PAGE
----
‘Dollar Doc’ hails back to days of country doctors

Rod Lee’s unassuming medical clinic offers low-cost, timely care to patients of all ages with or without insurance. (Photo/Nancy Hanson.)

Nancy Edmonds Hanson

It’s the most unassuming medical center in town. No office towers surrounded by cars. No high-end décor. No buzz of bustling medical staff and clerical support, or packed waiting rooms, or exam rooms crowded with high-tech equipment.

The Dollar Clinic on First Avenue North in Moorhead has one doctor – Rod Lee, M.D. He unlocks the door in the morning. He answers the phone. He shows patients into his one exam room, often within seconds of their arrival. He diagnoses their illness, takes X-rays, applies splints to broken bones, prescribes drugs to cure infections, and often counts the pills out himself from the box of common medicines he keeps on hand.

What happens here resembles nothing so much as the hard-working country doctor tending to his ailing neighbors in days gone by.

Lee’s path to his unconventional practice began with a degree in pharmacy from North Dakota State University. He went on to earn a medical degree from the University of Minnesota School of medicine, then completed a family practice residency through the University of North Dakota. Finally he went to work in the Dakota Heartland network, an affiliation that he ended when the hospital was bought by MeritCare in 2002. He went out on his own, establishing the first walk-in clinics in Fargo-Moorhead under the name RapidCare.

His urgent care clinics – the first in the area – were based on many of the same principles he still holds today, including much lower cost, a minimum of tests (he says, “A lot of them are unnecessary”) and common prescriptions provided to patients at cost. By 2008, RapidCare’s five clinics had 50 employees serving 40,000 patients.

But his plans ran into the wall with complaints launched, he says, by his big corporate competitors. The main charge was inappropriate handling of pain medicine. In an interview with the Extra in 2018, he attributed his problems to “complex medico-political factors.” His North Dakota medical license was revoked, and the clinics closed. He spent most of the following years on a medical mission to Thailand, returning here five years ago.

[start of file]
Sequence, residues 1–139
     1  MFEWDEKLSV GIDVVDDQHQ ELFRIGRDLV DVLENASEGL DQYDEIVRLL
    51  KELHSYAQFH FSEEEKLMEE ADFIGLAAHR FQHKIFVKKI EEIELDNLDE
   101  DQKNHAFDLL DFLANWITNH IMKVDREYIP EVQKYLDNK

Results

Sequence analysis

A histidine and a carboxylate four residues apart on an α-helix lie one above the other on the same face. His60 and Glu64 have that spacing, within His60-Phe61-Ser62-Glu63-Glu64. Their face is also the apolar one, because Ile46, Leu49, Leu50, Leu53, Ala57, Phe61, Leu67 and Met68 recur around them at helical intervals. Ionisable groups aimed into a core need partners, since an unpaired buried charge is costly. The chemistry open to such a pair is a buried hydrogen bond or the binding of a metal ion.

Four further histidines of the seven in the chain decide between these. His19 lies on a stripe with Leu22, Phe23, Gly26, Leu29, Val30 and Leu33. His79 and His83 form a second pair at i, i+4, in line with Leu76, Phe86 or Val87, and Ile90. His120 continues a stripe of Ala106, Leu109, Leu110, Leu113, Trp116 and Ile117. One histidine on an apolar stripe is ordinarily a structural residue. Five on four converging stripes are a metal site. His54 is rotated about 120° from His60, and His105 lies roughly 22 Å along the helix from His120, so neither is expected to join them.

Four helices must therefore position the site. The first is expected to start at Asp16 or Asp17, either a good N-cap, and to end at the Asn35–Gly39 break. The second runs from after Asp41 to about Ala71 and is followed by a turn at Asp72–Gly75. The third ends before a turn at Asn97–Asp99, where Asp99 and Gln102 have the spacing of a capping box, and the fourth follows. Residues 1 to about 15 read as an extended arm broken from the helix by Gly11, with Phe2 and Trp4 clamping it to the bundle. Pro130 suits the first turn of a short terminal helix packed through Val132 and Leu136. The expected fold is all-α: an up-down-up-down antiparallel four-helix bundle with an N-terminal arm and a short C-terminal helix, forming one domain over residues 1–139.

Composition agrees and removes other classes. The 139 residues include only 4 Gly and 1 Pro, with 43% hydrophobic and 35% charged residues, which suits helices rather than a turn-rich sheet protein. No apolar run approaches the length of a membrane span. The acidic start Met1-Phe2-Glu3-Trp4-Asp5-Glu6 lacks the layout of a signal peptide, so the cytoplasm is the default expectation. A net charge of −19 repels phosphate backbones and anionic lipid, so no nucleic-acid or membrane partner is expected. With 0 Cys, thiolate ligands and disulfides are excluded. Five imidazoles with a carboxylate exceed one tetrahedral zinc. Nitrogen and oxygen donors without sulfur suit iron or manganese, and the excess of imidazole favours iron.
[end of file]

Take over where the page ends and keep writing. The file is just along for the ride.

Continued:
Today’s Dollar Clinic is a far less ambitious center for healing than his previous enterprise. He opened it in September 2019 on the site of a former service station, dividing his time between 96 hours a week as an emergency room doctor in Benson, Minnesota, and three 12-hour days here in Moorhead; a second doctor covered the local clinic while he was gone.

But Covid-19 crushed the budding practice. “After March 2020, nothing was moving here except the trains across the street,” he says. He closed the new clinic for six months, then reopened last fall as a one-man operation.

That means the high-energy 63-year-old is on duty from 8 a.m. to 8 p.m., seven days a week. He maintains no distance even in his time off; he moved his wife and two children, 5 and 1, from Benson to an apartment adjoining his clinic. When callers need help, he’s been known to open his doors even earlier or later to help them.

The uninsured are welcome here. Lee does accept insurance, he says, but his patients rarely use it, with charges so low that they beat the deductible on most policies. His usual fee is $50 for an office visit or $30 over the telephone. He charges rock-bottom prices, too, for x-rays in his office and the prescriptions he dispenses at cost.

Most clients have common maladies, he says, like bladder infections or sinus problems. “We can handle most everything, from A to Z,” he contends. Lee handles anything and everything that is not immediately life-threatening except PTSD and chronic pain. He adds, however, that when a patient needs specialty care, he arranges referrals wherever and to whomever best suits their situation. “If they need a surgeon, I call one,” he explains. “Whatever needs to be done, I consult a specialist – and I do it right now.”

Two of Lee’s services have attracted special attention. One is sports physicals, which he can perform with short notice. “We see a lot of kids who’ve forgotten to tell their parents until the night before,” he says with a smile. His fee, $25, is a fraction of what other clinics charge.

The other is physicals that are required for long-haul truckers to renew their commercial drivers licenses. Word has gotten around about his $40 exams – again, a fraction of the going rate elsewhere. His ample office hours also suit professional drivers whose travels make keeping a regular office appointment nearly impossible.

Lee’s patients mostly find him through referrals from friends already familiar with this most unconventional physician. He notes, though, that many now find him online thanks to Google. “I hear I have five-star reviews there,” he says with a touch of wonderment. “I didn’t even know doctors got reviews.

“They come to me because they’re tired of nobody listening to them. I don’t like the way the rest of the medical profession operates, and they don’t like it, either.

“You don’t need to come to some giant building with hundreds of cars in front and take an elevator from one place to another, wait for hours and pay a huge amount of money. I can do anything their doctors can do … quickly, cheaply and expertly.”

To find out more about Dr. Lee’s Dollar Clinic and its services, call 701-630-9536.

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